It doesn’t take long on the internet to find extremist language, hate speech, and accusations of censorship. Often these are all found within the same post. Business owners have free speech rights, but free speech from any employee can expose a company to liability for false statements. It is important for business owners to create clear corporate policies about employee communications both on company websites and personal social media channels.
The Current Legal Standard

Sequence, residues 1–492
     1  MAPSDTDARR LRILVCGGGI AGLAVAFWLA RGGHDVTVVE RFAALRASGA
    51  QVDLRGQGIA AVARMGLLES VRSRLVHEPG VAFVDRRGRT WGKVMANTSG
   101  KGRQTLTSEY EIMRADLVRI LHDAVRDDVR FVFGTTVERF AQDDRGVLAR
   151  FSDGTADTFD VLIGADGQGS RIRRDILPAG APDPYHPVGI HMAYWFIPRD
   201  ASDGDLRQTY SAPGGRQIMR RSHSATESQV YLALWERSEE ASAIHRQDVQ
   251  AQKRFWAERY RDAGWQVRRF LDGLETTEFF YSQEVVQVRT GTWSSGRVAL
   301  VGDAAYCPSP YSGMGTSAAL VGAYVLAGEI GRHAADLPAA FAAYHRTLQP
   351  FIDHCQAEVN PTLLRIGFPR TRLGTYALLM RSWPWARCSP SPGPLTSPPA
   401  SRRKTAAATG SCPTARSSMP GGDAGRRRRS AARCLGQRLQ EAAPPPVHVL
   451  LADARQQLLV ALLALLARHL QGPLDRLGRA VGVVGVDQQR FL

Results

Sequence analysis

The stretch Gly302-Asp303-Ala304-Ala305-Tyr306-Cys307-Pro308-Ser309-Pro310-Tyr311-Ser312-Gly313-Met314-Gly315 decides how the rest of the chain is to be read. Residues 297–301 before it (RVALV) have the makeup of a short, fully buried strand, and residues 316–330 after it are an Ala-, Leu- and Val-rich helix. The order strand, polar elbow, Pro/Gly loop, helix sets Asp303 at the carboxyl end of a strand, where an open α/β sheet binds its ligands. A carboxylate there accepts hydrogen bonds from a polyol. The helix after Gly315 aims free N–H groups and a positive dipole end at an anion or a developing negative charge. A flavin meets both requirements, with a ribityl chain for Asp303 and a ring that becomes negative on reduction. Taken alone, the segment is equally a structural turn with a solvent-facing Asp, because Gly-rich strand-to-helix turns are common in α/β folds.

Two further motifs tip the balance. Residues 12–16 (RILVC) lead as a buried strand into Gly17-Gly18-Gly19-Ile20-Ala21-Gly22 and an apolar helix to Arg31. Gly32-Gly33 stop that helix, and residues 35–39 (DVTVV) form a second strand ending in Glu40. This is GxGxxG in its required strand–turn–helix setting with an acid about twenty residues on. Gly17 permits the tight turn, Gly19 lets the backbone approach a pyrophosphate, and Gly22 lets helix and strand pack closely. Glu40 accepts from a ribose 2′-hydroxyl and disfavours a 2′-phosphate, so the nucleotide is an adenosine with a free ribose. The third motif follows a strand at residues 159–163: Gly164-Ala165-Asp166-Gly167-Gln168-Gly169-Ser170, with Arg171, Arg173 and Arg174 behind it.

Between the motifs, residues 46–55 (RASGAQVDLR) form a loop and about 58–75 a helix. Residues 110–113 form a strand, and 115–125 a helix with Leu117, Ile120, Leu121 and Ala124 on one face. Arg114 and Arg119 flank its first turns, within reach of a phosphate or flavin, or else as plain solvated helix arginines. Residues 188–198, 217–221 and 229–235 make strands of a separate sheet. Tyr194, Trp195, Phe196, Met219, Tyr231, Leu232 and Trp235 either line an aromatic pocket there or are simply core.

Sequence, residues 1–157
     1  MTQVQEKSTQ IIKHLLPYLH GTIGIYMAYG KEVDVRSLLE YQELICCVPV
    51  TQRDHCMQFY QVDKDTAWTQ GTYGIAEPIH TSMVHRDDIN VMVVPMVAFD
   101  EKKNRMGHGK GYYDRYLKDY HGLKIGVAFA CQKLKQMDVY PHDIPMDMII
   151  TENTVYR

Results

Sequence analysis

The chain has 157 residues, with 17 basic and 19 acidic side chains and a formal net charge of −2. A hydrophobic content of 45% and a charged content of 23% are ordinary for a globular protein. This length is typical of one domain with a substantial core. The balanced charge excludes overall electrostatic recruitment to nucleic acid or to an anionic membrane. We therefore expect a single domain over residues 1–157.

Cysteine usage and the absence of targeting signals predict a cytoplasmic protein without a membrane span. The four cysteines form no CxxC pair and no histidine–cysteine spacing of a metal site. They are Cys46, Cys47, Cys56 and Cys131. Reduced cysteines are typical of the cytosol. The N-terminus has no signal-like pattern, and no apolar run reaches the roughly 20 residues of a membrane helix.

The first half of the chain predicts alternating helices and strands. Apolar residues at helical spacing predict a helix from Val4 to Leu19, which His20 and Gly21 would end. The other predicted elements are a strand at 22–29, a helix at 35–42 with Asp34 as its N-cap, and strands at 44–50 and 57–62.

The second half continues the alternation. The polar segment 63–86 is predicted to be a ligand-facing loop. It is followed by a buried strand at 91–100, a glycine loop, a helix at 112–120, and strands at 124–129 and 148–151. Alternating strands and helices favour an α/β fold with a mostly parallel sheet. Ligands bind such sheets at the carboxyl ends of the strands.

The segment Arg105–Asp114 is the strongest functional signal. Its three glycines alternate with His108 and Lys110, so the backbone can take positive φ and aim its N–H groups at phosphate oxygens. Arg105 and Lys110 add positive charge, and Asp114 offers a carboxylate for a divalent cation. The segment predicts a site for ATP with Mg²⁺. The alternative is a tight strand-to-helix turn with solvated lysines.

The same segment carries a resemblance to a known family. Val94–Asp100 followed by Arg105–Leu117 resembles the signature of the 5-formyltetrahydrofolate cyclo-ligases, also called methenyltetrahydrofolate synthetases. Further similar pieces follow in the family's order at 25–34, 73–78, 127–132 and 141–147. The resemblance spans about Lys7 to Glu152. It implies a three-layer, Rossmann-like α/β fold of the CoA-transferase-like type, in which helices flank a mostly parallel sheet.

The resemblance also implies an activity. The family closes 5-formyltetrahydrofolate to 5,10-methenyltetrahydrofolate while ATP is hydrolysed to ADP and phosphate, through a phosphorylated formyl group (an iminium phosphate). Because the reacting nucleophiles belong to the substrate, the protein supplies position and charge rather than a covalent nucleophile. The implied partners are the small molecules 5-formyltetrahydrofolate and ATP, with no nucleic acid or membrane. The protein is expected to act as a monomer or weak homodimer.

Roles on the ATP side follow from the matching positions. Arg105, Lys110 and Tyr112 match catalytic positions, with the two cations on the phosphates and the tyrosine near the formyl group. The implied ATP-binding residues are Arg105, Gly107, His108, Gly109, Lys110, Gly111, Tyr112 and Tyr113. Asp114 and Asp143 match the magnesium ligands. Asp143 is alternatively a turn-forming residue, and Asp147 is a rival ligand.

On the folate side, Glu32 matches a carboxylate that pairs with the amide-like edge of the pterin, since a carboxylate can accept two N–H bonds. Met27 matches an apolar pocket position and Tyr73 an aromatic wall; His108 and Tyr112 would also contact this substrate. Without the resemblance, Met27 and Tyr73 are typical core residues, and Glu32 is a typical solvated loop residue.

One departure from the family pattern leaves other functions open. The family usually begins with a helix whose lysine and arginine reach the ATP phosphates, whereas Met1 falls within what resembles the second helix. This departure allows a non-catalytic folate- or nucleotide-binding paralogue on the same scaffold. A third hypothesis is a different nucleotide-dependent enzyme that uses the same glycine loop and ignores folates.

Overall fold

Current case law on this issue dates back a few decades. In 1964, the Supreme Court decided New York Times Company v. Sullivan, a First Amendment case involving published criticism of public officials. The Court found that Sullivan had indeed proven that the New York Times had published inaccurate statements about his office and subordinates. The fact that the statements were false did not, however, support his case for libel. The Court enacted a new standard of “actual malice.” This new rule means that an official must prove the false statement was published with the knowledge that it was false – or with gross recklessness – to sustain a libel case. Unless this legal definition of “actual malice” exists, the false statements are protected as free speech under the First Amendment.